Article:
Words by: Leika Golez
Let’s face it. We all want to be told that we’re pretty.
At some point in our lives, simply feeling pretty isn’t enough. We want to hear that explicit validation from someone other than ourselves.
Well, during my childhood, I realized that receiving that compliment wasn’t easy. I guess you can say that according to typical beauty standards, I wasn’t eye candy. I was chubby, awkward, and slightly tomboyish. But I was at least proud of one thing: my clear skin.
I carried that all the way through high school. By then, I was already skinnier and more poised, but my skin still gave me the greatest comfort. At least once a day in my all-girls high school, I would hear the line, “Ugh, ang dami kong pimples.” I would listen to my batchmates talk about skincare routines and diet options, desperate to find that golden solution to curing acne. They would recommend dermatologists and beauty products to each other tirelessly.
They didn’t even stop to consider that perhaps verbal reassurance was what they were truly looking for at the end of the day. They failed to realize that striving to have perfect skin can be a toxic mentality brought about by lack of representation in media. But just like them, I didn’t question that kind of behavior either. Because when it comes to acne, unsolicited advice suddenly seems perfectly okay.
All that changed when I got to college and had my first real breakout. I was a sophomore on her finals week, barely getting by with no exercise, binged meals, four hours of sleep every night, and to top it all off, a never-ending pile of work. The pimples started on my cheek area, then it soon spread to my chin and my forehead. It wasn’t a big deal to me at first, but then a disheartening comment from a family member made me think twice.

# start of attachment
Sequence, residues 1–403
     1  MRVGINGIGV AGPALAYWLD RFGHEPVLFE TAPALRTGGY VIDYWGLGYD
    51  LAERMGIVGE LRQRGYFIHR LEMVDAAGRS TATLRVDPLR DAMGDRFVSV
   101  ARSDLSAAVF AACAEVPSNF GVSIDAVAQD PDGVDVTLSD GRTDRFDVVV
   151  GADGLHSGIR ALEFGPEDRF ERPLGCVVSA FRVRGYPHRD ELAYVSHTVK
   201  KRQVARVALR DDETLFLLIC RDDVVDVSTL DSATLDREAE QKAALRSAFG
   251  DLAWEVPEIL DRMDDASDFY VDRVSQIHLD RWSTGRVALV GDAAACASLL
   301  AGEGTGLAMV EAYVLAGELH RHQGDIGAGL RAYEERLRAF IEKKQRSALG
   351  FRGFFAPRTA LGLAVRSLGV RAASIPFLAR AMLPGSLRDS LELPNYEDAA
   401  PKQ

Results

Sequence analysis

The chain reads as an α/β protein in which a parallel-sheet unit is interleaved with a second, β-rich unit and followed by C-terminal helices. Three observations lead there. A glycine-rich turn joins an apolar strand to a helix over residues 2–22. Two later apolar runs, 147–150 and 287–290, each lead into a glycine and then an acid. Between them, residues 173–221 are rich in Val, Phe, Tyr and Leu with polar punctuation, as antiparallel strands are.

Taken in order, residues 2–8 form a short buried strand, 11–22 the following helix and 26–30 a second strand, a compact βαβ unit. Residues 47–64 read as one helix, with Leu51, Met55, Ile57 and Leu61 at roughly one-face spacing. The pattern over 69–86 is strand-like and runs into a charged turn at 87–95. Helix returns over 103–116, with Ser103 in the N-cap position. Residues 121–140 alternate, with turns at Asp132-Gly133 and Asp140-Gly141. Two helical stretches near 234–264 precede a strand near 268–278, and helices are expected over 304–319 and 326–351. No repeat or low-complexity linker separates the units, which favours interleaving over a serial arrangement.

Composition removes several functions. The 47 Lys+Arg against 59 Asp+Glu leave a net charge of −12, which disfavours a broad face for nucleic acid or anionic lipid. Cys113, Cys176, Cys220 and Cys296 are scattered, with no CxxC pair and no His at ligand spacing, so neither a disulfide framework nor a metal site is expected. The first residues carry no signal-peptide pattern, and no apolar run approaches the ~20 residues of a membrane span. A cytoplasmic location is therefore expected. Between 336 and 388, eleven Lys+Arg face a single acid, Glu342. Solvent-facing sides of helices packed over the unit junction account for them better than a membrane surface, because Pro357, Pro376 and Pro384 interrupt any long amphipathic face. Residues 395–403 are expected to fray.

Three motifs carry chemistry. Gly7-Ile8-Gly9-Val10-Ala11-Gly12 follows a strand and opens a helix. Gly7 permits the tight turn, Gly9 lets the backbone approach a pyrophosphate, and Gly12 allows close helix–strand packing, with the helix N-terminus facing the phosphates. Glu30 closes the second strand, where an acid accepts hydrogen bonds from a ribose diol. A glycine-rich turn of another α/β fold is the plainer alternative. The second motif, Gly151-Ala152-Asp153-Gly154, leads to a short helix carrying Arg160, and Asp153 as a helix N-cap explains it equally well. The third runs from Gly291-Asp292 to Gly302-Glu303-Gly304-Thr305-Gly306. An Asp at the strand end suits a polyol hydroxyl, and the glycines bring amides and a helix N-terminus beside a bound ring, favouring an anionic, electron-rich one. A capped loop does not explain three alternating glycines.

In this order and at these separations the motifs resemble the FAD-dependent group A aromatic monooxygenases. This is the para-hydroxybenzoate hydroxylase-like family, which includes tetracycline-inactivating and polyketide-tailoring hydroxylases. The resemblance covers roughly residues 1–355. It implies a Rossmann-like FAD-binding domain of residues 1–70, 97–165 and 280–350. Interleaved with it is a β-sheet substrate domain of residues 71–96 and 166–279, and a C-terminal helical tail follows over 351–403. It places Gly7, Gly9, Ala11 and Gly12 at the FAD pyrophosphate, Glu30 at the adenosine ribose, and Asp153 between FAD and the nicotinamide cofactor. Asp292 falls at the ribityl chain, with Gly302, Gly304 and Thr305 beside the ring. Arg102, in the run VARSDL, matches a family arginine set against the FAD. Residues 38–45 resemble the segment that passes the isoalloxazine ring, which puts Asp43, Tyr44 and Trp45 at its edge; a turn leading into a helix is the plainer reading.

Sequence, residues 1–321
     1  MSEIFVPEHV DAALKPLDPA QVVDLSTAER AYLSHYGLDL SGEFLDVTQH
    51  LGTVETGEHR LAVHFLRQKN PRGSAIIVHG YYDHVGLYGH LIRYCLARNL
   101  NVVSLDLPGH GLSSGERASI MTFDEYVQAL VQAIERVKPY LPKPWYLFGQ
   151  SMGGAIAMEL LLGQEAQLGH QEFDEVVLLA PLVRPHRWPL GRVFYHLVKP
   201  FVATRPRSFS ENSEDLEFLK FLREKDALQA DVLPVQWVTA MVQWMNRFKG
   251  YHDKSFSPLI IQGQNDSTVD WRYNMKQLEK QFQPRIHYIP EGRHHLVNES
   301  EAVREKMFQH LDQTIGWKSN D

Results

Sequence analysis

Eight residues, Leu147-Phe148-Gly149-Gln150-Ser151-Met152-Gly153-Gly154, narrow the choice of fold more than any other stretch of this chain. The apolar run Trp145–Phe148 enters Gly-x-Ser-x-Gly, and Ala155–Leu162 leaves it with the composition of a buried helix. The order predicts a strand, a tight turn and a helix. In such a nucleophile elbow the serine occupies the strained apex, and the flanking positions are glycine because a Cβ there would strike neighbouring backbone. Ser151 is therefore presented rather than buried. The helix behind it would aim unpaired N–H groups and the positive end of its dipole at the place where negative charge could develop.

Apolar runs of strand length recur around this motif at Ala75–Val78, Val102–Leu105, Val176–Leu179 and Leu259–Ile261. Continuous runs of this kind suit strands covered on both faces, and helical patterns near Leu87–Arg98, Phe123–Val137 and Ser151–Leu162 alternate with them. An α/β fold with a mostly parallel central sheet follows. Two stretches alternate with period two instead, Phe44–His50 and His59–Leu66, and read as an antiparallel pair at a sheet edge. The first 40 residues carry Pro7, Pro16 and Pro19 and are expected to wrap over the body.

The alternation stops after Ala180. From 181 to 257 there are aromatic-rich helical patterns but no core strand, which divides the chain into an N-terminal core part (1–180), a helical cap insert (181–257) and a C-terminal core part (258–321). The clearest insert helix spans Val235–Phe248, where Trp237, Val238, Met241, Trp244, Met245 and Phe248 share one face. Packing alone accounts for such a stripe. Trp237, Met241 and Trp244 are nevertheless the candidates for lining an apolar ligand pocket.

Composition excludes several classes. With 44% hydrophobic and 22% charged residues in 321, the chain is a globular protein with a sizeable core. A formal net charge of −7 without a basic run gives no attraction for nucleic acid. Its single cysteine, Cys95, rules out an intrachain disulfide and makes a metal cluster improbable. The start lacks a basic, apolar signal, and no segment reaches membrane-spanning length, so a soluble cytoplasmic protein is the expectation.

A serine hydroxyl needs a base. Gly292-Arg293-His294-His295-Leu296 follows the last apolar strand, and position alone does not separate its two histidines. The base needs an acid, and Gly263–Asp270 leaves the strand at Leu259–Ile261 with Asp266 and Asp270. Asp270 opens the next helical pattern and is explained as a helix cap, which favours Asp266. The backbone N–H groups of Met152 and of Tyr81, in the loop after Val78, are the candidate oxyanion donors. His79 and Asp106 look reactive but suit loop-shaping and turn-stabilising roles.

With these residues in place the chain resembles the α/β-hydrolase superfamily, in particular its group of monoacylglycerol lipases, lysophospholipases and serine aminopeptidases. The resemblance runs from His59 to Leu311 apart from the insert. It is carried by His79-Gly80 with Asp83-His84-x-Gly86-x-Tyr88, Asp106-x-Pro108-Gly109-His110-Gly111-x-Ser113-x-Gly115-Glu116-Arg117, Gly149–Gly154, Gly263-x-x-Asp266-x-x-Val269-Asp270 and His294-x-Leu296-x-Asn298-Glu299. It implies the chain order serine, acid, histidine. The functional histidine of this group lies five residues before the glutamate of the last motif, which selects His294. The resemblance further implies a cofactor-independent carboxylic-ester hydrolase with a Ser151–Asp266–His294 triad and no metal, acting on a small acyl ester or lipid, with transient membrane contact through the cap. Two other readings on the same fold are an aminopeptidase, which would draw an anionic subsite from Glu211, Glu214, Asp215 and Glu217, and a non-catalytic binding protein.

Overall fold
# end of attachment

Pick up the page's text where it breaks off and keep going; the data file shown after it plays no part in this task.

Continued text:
So I did what every insecure female teenager would. I forced myself to conform to a beauty standard despite knowing that it was completely unrealistic and unattainable. I developed both exercise and skincare routines, and I made it an active effort to get at least six hours of sleep every day. I also started using planners and journals to manage my stress.
Nevertheless, my pimples stayed. But this time, I didn’t care. Just by making the active effort to take care of myself, I already felt beautiful. Because for once in my life, I felt like I was more than just my skin. I then realized that I didn’t want to be told I was pretty. I wanted to be told that I was loved. And loved because of my flaws, not in spite of them.
I’m posting them lol I had an idea of not covering my acne so I thought why not put star stickers on top of them&then my foundation especially since right now I’m struggling with a lot of break outs but at the same time I want to do makeup so I hope y’all like! it made me happy pic.twitter.com/KzgaDeuWZs
— like she created the fucking rainbow? (@Rocioceja_) September 17, 2018
The world is imperfect, so naturally, your skin will be as well. Don’t beat yourself up. It’s okay if you don’t have clear skin. There’s so much more to you than what you look like. Believe me, your pimples don’t make you any less pretty. It may not feel like it sometimes, but you’re loved just the way you are.
So today, let’s start practicing skin positivity. Familiarize yourself with your condition and realize that acne can be aggravated by many external factors that are mostly out of your control. Surround yourself with positivity, and don’t let others define you by your skin complexion. Take care of your skin for you, and only you. Accept yourself, but realize that you’re not always going to feel confident in how you look.
But that’s okay. Self-acceptance doesn’t happen overnight, so take as much time as you need to feel safe in your own skin.
And when you’re finally ready, let’s normalize acne together.
What do you think? Let us know!